Please listen to a truly offended veteran's Mother

Discussion in 'Middle East - General' started by Psychoblues, Aug 11, 2005.

  1. Psychoblues
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    Psychoblues Senior Member

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    Can there still be any question that President Bush is a coward? Is there any remaining doubt that Bush is not only a coward, but that he doesn't give two shakes about the thousands of men and women he has sent off to die, be mutilated, or be psychologically traumatized? Any such questions should be put firmly to rest by the story of Cindy Sheehan.

    On April 4, 2004, Cindy's son Casey died while ridding the world of Saddam's weapons of mass destruction - or liberating the oppressed Iraqis, or bringing peace and stability to the Middle East, or whatever lie the Bush administration happened to be telling at the time to justify their arrogant and short-sighted decision to thrust the U.S. into a wholly unnecessary and irresponsible war. In short, Casey died because his Commander in Chief, our dear President, sent him off to war.

    Now, a little more than a year after her son's death, Cindy wants answers. She wants to know why her son had to die. She wants to know why we invaded a country that posed no legitimate threat to our national interests. She wants to know the meaning of the Downing Street Memo's statement that within the Bush administration, "the intelligence and facts were being fixed around the policy." She wants to know what Bush means when he refers to the "noble cause" for which her son was killed. She wants to know why, if the cause is so damn noble, Bush's own kids aren't fighting for it?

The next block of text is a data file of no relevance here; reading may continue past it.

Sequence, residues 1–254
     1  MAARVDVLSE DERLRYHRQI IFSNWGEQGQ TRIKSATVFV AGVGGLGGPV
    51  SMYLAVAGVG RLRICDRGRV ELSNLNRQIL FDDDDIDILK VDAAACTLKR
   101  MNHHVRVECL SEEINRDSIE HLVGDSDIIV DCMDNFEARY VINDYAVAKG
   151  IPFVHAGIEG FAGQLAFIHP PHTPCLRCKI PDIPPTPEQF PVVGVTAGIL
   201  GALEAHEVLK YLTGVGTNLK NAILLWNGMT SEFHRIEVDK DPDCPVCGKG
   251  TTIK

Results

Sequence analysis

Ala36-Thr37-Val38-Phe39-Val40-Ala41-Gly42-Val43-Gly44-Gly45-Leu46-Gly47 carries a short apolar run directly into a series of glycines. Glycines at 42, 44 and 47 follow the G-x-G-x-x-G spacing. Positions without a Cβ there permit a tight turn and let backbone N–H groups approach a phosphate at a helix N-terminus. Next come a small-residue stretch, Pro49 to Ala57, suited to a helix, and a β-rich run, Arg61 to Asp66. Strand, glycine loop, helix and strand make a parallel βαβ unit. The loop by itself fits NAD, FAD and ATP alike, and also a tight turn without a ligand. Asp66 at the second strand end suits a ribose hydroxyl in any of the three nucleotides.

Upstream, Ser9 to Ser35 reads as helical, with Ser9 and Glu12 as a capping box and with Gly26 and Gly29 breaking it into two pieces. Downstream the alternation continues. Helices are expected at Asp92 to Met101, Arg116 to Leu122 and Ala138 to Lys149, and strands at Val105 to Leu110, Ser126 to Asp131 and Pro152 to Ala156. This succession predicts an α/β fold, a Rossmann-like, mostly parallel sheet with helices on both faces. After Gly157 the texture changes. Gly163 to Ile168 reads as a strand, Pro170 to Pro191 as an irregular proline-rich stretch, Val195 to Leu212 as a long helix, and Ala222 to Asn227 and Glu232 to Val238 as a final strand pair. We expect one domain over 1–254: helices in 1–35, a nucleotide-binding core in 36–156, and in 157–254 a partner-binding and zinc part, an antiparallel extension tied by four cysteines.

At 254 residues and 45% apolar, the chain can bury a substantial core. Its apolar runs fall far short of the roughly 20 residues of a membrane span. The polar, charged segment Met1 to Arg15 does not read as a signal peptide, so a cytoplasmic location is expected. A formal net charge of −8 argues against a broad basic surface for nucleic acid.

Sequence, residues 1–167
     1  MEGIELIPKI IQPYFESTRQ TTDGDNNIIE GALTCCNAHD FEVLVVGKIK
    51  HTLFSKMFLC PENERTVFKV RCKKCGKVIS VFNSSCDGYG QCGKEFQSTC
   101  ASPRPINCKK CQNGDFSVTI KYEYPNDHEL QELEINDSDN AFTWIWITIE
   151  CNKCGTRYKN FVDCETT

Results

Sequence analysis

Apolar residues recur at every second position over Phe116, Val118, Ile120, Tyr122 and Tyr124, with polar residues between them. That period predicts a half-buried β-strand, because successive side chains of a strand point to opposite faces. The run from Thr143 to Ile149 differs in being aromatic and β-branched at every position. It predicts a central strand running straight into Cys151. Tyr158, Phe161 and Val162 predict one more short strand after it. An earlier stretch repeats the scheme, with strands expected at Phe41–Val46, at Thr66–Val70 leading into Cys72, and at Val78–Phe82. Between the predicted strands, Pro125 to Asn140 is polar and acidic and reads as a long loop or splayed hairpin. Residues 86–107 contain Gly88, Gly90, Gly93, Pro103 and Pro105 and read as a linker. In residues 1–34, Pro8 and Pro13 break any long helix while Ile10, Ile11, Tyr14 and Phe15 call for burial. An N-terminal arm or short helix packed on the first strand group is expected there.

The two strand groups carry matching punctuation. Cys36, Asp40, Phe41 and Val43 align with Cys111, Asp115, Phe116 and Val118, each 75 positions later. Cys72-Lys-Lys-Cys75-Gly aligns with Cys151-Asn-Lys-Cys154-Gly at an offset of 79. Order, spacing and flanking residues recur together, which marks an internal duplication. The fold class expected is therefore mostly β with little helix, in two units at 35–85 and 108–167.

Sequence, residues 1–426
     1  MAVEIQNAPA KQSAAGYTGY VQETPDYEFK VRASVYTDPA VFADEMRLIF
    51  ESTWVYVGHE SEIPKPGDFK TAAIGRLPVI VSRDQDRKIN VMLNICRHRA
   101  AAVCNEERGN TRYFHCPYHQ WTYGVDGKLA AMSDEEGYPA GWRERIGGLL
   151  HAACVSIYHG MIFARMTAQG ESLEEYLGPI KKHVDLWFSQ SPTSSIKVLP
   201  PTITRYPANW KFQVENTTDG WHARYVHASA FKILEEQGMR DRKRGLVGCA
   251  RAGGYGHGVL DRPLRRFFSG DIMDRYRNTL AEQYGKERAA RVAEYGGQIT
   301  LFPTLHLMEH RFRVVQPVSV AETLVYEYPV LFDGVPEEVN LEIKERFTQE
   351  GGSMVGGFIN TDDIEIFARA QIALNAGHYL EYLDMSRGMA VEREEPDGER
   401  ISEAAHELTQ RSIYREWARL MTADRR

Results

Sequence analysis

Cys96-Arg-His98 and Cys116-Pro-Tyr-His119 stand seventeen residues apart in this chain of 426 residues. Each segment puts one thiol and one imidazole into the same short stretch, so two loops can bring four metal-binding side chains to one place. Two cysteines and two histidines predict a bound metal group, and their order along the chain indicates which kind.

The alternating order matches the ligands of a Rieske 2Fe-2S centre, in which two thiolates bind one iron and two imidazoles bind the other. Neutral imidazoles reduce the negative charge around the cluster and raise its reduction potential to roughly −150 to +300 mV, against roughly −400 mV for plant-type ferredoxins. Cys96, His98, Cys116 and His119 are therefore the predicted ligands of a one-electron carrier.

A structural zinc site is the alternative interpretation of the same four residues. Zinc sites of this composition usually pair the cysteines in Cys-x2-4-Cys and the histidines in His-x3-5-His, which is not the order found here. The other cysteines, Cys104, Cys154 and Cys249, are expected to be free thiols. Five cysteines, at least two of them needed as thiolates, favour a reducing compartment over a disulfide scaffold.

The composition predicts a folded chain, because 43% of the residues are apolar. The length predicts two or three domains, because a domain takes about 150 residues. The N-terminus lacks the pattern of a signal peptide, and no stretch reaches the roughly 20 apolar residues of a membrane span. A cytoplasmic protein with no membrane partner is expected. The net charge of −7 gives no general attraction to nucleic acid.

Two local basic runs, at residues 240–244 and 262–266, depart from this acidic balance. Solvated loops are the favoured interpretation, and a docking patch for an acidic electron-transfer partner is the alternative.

To that end, Cindy and the family members of many more casualties of Bush's war have set up camp outside Bush's Crawford, Texas ranch, demanding to speak with the man in charge.

    Only Bush isn't talking. Instead, he cowers behind the protection of one of his infamous "free speech zones," safe from the impertinent questioning of those naive enough to still think the U.S. is a democracy. He struts around in his boots and hat, pretending to be a cowboy from Texas instead of a rich-boy from Connecticut who summered in Maine. He hides, hoping the unsavory characters at his door will simply go away.

    Bush's refusal to speak to Cindy should come as no surprise. As made clear by his innumerable made-for-television "town hall meetings," Bush is either too dumb or too cowardly to face unscripted questions, much less be challenged by citizens who hadn't first passed their screen tests and sworn loyalty oaths. In keeping with his fear of anything resembling real leadership, Bush won't let even Cindy and her comrades within four miles of his desolate ranch. They were only allowed to come that close after being forced to park their vehicles eight miles away and then walk four miles in a ditch. When they dared walk on the road, they weren't permitted to go any further. Talk about gratitude: thanks for your unimaginable sacrifice, now walk four miles in this ditch.

    Undeterred by the offensive treatment she received on Bush's orders, Cindy has vowed to remain camped (far) outside the ranch until Bush decides to suck it up and talk to her. If he can't muster the courage in Texas, Cindy's vowed to follow Bush to Washington. She's got nothing to lose. Her son's already dead.